"McDonald's is committed to leading with values and does not tolerate retaliation," McDonald's said in a statement to Business Insider. "The allegations that employees were terminated for any reason related to ongoing litigation is categorically false."  

Later in July, 52 Black former franchisees sued the company in another racial-discrimination case. These former franchisees say they were not giving the same opportunities as white franchisees and that many were forced out of the McDonald's system. 

Read more: Inside McDonald's Black franchisees' decades-long quest for equality that led to a $1 billion racial-discrimination lawsuit

"The top-down systemic racism evident in McDonald's C-suite, as evidenced by recent allegations by Black executives and Black franchisees, reaches down to the restaurant level, where individual managers and franchisees are not held accountable for engaging in, and failing to prevent, discrimination on the basis of race," the complaint reads. 

McDonald's has previously denied allegations of racial-discrimination. 

The lawsuit attempts to hold McDonald's accountable, as the chain pushes back against a potential designation as a 'joint employer' 

The lawsuit argues that both the franchisee — who owns and operates the Rock Island location — and McDonald's corporate should be held responsible. McDonald's, the complaint argues, is a "joint employer" of workers at the location. 

Roughly 95% of McDonald's locations in the US are owned and operated by individual franchisees. Historically, these franchisees are treated as independent business and would be solely liable in cases related to workers' issues such as wage theft or discrimination.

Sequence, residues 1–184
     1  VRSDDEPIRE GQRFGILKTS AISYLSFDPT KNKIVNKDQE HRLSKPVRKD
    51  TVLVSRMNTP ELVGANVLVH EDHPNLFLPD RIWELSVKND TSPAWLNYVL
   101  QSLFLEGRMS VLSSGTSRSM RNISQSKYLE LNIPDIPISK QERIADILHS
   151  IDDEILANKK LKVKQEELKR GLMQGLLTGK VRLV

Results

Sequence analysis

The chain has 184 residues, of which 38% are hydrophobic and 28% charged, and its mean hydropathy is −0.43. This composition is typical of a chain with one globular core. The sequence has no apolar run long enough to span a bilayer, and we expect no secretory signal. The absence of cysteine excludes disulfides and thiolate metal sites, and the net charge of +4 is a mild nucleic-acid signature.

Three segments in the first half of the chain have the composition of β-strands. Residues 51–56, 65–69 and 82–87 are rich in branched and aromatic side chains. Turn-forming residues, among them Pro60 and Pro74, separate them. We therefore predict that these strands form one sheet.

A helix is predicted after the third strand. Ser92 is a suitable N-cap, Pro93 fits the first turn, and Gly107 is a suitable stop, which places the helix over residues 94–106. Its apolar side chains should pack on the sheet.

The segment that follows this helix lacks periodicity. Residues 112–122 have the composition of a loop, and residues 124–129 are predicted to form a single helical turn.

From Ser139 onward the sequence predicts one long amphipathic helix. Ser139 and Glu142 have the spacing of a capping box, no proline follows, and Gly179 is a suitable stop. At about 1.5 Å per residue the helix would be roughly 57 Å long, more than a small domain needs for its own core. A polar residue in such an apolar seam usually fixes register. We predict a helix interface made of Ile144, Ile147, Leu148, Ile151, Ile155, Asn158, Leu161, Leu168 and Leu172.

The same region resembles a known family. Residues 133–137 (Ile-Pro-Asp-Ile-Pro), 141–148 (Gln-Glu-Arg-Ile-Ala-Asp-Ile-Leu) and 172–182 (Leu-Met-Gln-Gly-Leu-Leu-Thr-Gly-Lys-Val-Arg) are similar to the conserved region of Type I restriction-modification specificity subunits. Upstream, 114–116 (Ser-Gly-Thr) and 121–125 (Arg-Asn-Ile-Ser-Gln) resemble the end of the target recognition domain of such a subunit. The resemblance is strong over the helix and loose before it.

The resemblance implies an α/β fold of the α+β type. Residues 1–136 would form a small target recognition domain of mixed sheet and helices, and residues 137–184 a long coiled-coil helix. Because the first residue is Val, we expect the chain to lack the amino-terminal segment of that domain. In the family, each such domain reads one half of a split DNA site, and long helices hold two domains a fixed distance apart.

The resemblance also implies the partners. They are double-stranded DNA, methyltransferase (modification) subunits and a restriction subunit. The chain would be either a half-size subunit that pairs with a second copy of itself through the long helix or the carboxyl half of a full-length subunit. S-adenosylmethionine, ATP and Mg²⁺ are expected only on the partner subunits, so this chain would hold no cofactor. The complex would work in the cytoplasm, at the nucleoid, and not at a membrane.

The concept of "joint employer" calls this independence into question. 

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McDonald's has been the center at a battle over the definition of "joint employer." Rui Vieira/PA Images/Getty Images

Back in 2014, the National Labor Relations Board ruled that McDonald's could be treated as a joint employer, making it a co-defendant if workers file lawsuits against their employers.

Many franchises pushed back against the ruling, arguing that it nullified the industry's business model and would drive up the cost of franchisors' legal fees. Meanwhile, progressive groups such as the Service Employees International Union saw the joint employer decision as a victory that could make it easier for fast-food workers to unionize. 

Under the Trump administration, the NLRB's definition of "joint employer" has narrowed. In 2019, a federal appeals judge reversed the 2014 McDonald's decision, ruling that the fast-food giant did not exercise enough control over workers in franchised locations to be a joint employer.

In 2020, the Department of Labor issued relatively narrow guidelines on how to interpret the "joint employer" rule, reducing the likelihood franchisors would be held liable in court. However, in September, the US District Court for the Southern District of New York struck down the rule, with Judge Gregory Wood calling it "arbitrary and capricious."

The most recent racial-discrimination lawsuit aims to hold McDonald's liable as a joint employer. The complaint argues that plaintiffs believed they worked for McDonald's and McDonald's exercises substantial control over franchisees. 

"We certainly believe, as we allege in the complaint, that McDonald's control of the franchise here in Rock Island does make them responsible for the discriminatory treatment," George Luscombe, an attorney for the Rock Island plaintiffs, told reporters on Tuesday.